by Amanda Holt, author of Adolescent-to-parent abuse, publishing today
The ‘problem’ of teenagers is rarely off the news agenda. However, the focus of any problem behaviour is nearly always located outside the family home: on the streets, in the classroom, online. In such discussions, parents are frequently constructed as the root cause of the problem and the family home is rarely considered to be a site where adolescent problem behaviour towards parents is a concern.
However, it is becoming increasingly clear to practitioners who work with children and families that the problem of adolescents’ abusive behaviour towards parents is a very real one. Such abuse takes place mainly inside the family home, and it can take shape through physical, emotional and/or economic forms of abusive behaviour. Examples found in my own research include physical violence (and threats to cause physical harm), intimidation and undermining of the parent, and theft and damage to a parent’s property and possessions. Like other forms of family abuse (e.g. child abuse, interpersonal violence, elder abuse), adolescent-to-parent abuse can emerge very subtly and parents often feel a sense of disbelief, guilt and shame at what is happening. Such feelings may be particularly potent in cases of adolescent-to-parent abuse because many people are unaware that such abuse exists, making it hard for parents to talk about their experiences and for others to hear. Parents may also feel particularly silenced because we live in a culture where parents are routinely blamed for the problem behaviour of their children – often formally and publically through the use of criminal justice measures. And with few support services set up to deal with this form of family abuse, and with public policy failing to acknowledge it, it is unsurprising that this form of family abuse is so hidden.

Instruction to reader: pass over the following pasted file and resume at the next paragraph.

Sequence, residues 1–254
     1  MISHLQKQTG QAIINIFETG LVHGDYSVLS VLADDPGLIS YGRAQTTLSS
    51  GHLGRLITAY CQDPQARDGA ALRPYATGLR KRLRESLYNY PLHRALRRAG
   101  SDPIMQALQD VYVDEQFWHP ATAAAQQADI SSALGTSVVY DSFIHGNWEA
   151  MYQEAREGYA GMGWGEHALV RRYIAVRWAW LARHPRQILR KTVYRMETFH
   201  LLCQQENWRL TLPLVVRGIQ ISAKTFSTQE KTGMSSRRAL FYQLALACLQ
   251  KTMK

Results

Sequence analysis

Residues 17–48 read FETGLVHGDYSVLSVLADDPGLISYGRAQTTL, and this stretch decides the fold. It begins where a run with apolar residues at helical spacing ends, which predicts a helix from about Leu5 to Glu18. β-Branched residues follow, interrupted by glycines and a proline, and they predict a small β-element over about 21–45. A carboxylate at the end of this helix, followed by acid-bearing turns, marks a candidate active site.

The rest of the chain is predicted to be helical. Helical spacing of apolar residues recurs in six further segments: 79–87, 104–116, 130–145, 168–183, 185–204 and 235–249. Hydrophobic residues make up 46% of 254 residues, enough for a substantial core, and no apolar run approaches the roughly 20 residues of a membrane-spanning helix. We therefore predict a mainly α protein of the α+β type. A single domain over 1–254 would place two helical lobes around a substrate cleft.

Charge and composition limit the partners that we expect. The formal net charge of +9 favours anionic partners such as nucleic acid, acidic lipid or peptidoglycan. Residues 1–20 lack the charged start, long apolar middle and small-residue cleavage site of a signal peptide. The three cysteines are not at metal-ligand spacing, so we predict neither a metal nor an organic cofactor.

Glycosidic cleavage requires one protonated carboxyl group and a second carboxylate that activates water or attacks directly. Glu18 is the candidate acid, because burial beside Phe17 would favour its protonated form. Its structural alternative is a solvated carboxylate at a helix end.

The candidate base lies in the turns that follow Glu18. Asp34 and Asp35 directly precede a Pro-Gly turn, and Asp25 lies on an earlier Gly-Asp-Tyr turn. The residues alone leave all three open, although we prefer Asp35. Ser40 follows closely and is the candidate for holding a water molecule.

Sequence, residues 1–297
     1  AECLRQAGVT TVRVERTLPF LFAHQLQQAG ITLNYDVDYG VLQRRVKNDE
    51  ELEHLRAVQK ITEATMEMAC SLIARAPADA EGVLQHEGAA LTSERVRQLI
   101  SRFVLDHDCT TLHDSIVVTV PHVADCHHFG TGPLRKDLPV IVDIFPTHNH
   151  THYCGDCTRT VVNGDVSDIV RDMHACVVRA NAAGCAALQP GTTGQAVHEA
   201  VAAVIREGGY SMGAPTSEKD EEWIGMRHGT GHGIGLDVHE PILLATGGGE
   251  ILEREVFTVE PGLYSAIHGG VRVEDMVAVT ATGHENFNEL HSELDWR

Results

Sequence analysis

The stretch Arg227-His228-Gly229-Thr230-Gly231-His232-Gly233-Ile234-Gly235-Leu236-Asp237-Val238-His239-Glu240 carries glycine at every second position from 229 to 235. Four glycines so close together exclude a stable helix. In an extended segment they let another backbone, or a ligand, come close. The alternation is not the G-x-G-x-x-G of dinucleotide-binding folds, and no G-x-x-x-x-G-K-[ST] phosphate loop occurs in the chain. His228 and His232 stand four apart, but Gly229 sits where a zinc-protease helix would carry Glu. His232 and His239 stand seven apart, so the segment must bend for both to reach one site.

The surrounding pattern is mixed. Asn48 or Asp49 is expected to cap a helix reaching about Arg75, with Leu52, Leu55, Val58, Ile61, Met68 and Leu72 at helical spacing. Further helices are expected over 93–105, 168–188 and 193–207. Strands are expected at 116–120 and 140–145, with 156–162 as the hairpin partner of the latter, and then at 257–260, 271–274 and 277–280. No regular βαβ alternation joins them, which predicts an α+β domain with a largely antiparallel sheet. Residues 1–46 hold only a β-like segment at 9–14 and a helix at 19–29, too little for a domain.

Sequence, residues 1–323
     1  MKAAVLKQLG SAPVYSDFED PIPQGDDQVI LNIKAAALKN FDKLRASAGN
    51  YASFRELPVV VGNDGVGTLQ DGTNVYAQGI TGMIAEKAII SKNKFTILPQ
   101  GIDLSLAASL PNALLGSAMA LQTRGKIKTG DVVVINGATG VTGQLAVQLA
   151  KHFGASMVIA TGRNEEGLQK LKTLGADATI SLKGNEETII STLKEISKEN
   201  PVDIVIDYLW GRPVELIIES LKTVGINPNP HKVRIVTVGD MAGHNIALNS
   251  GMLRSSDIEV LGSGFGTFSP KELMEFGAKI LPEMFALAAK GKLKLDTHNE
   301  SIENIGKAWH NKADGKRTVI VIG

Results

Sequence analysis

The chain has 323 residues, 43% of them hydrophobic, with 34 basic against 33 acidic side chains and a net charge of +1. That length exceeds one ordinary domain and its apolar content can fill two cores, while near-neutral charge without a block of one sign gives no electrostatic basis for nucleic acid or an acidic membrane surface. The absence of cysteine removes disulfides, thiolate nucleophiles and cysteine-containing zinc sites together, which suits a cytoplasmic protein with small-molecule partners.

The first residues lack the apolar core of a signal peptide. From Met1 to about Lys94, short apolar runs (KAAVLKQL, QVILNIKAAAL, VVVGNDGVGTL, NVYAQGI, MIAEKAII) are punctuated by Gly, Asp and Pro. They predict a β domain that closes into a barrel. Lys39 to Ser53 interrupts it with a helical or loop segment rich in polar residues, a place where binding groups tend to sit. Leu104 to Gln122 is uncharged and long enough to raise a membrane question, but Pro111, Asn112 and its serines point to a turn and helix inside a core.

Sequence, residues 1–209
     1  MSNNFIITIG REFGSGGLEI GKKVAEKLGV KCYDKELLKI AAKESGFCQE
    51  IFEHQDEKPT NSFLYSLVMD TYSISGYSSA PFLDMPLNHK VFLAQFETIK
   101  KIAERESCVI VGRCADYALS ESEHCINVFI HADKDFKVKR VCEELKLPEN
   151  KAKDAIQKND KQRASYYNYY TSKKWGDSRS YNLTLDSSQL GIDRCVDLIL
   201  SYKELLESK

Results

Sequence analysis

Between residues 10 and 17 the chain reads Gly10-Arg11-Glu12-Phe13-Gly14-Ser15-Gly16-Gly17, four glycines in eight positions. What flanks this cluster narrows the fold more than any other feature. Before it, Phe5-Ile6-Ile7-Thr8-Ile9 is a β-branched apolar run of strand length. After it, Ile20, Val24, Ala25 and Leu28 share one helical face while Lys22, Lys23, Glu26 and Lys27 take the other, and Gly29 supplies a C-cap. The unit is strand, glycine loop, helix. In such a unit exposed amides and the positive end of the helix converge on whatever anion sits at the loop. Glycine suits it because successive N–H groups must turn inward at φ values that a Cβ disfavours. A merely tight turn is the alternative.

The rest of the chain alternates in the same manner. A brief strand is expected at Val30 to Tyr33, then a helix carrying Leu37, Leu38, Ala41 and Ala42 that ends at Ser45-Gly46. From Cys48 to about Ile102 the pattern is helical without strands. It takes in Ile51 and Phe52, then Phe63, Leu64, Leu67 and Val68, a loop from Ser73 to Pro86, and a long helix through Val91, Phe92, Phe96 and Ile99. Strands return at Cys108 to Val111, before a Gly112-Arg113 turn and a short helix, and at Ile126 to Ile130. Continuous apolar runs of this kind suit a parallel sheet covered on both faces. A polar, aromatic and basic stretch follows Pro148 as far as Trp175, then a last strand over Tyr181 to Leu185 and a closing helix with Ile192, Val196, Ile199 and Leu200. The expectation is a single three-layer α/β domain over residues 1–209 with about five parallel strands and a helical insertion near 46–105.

This matters. As a human rights issue, no-one should be living in fear or, or under threat of, physical or emotional harm. As a health issue, the effects on families can be devastating, with long-lasting physical and emotional symptoms which can affect the life chances for parents and their children. As a criminal justice issue, there is evidence that adolescent-to-parent abuse can be part of a wider cycle of family abuse, and intervention here may stop subsequent abusive behaviours.
Fortunately, more people are now talking about it. Both in the UK and internationally, support agencies are developing intervention programmes to help them respond to the problem, although growth is slow because of limited resources and a failure in public policy to co-ordinate and fund a coherent response at national level. Alongside this has been an increase in research on this issue and we are learning more about which families are particularly at risk, how families respond, and how we might best conceptualise this problem at the psychological, social and cultural levels. Adolescent-to-parent abuse: current understandings in research, policy and practice therefore provides a timely overview of the current state of play in terms of what we know about parent abuse through research findings, how we are responding to it in the statutory, voluntary and community sectors, and what we are doing about it through established support programmes and resources. While this book is grounded in the UK political and cultural landscape, it draws on international research, policy and practices to highlight both similarities and differences, and identifies what we can learn from them and how we can go forward in tackling adolescent-to-parent abuse.
Dr. Amanda Holt is Senior Lecturer in Criminological Psychology at the Institute of Criminal Justice Studies, University of Portsmouth. She has published widely in the fields of parenting, youth justice and families and employs a multi-disciplinary approach to her research and analysis.
Adolescent-to-parent abuse is now available to buy from The Policy Press website with 20% discount.